Are you making your partner orgasm?
In this week's column, Anouszka Tate looks at the orgasm gap. And no, that's not how many hours you can go without looking at PornHub.
When a person has an orgasm their heart beats faster, their breathing gets heavier, and their body experiences a sequence of contractions. Orgasm is, of course, so much more than that too, but the point is that the biological markers of earth-shattering climax look much the same in men and women.
And yet in hetero partnered sex men get to get off a lot more. Culturally, how much of a right we think we – and others – have to that same physical experience is wildly different.
A 2017 study* found that 95% of straight men orgasmed every time they were sexually intimate over the past month. The figure for straight women was a measly 65%. This, my friends, is the orgasm gap.
I spoke to fellow sex writer Susannah Weiss for my podcast Project Pleasure, and she summed it up well with this anecdote: “A guy friend once told me a female friend of his ‘expected to climax every time’, and it was ‘way too much pressure.’ Imagine if women were like ‘ugh he wants to cum every time we have sex! So much pressure!’”
The elusive female orgasm has long been made out to be a chore. A stat that’s lazily wheeled out every time any magazine ever writes anything to do with sex is that women take around 20 minutes to ‘warm up’ to orgasm. 20 minutes?? A lifetime! What a bore! Men can be ready for action and get off within minutes!
When masturbating or having sex with other women, 95% of women easily reach orgasm in an average of four minutes.
It’s not a woman’s capacity for sexual pleasure that’s the issue here. The issue is a society that refuses to teach us about the vulva and the clitoris, and the fact that that’s where the pleasurable nerve endings are for people with vaginas. (The clitoris and the head of the penis begin life as the same organ as an embryo develops!)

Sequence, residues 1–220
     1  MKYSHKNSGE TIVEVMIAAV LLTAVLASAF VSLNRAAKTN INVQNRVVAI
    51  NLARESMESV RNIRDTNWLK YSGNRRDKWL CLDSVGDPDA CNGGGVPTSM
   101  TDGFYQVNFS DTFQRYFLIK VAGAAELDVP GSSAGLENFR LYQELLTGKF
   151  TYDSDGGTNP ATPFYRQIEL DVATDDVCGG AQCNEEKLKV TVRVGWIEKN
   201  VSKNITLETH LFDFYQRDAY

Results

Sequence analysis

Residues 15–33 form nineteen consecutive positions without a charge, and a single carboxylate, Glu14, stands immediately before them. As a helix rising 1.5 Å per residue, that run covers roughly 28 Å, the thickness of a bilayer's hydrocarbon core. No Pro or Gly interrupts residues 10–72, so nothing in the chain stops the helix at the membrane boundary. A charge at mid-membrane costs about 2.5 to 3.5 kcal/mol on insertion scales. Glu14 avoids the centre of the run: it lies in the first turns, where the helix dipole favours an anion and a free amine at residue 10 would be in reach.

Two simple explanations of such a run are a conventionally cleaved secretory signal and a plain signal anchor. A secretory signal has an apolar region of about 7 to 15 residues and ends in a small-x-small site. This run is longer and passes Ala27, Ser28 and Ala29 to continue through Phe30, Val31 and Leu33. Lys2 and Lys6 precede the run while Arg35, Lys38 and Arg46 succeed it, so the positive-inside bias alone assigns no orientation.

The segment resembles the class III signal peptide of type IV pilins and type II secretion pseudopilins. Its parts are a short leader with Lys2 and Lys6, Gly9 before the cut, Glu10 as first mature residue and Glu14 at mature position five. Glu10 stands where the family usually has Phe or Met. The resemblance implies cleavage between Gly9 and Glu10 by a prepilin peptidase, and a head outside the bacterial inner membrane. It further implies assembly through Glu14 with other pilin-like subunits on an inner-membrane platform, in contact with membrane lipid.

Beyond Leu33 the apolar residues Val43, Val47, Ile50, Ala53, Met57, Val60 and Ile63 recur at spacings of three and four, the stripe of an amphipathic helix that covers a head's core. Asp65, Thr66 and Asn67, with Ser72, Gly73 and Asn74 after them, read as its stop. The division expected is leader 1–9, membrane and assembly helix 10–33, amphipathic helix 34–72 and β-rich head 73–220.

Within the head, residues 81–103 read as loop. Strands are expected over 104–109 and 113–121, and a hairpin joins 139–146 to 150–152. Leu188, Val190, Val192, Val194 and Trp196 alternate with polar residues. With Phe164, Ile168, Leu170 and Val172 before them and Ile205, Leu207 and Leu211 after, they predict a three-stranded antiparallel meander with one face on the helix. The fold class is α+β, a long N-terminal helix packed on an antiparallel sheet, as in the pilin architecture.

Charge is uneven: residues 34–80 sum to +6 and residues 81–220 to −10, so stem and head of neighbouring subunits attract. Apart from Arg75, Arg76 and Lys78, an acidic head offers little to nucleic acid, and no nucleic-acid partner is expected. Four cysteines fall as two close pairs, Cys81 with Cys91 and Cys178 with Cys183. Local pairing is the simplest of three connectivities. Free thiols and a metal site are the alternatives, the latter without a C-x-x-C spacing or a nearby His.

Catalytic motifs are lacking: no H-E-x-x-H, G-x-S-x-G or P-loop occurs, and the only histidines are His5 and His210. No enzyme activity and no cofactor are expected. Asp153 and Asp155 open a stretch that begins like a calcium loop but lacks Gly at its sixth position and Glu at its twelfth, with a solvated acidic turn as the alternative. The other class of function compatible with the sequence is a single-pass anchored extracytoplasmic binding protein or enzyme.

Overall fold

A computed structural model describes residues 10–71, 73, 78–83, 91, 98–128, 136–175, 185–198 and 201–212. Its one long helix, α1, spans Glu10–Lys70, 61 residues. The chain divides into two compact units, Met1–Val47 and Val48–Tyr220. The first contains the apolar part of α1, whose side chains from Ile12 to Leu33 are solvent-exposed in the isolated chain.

Nefariously spreading the idea that women take forever and are a bloody nuisance gives men an easy out for not bothering in the first place, and makes women feel like bothersome troublemakers for believing they deserve basic equality.
So let’s start from scratch, because I appreciate it’s not your fault that you’ve been taught that penetration is the holy grail of sexual interaction regardless of gender or sexual orientation. Or that within that script orgasm is the main goal. (More on that in a bit).
The word vagina actually comes from a Latin root word meaning ‘sheath for a sword’. Basically, women’s anatomy is defined in relation to what it can do for men. The vagina is the internal canal; it’s the bit that works best in the eager eyes of a pleasure-seeking penis. Given our clitorises don’t directly pleasure men, they’re left out of the definition. Cool.
Sophia Wallace, an artist behind a brilliantly named ‘Cliteracy’ exhibition, succinctly points out that “a man would never be expected to get off through sex acts that ignored his primary sexual organ”. But that’s exactly what we’re asking of women when we expect them to orgasm through penetration. We then make them feel broken, or like their sexuality is wrong, when they don’t.
So here’s the kicker: it might feel like something ‘extra’ or ‘different’ to have to play with the clit during sex given that doesn’t directly stimulate you, but guess what? We’re already doing the ‘extra’, ‘different’ stuff that doesn’t necessarily directly stimulate us by having penetrative sex. We’ve been making sure you orgasm without guarantee of getting the same back for years!
And that’s ok. Equality in the bedroom doesn’t need to come from having an orgasm from the same sex act. Equality in the bedroom comes from all parties knowing they have a right to experience pleasure in the way that feels best for their body.
There is nothing wrong with how you orgasm. There is also nothing wrong with how your partner orgasms. What is wrong is assuming that the same thing that gets you off, should get them off too.
It’s this assumption that everyone should orgasm from penetration that can lead to a cycle of faking orgasms.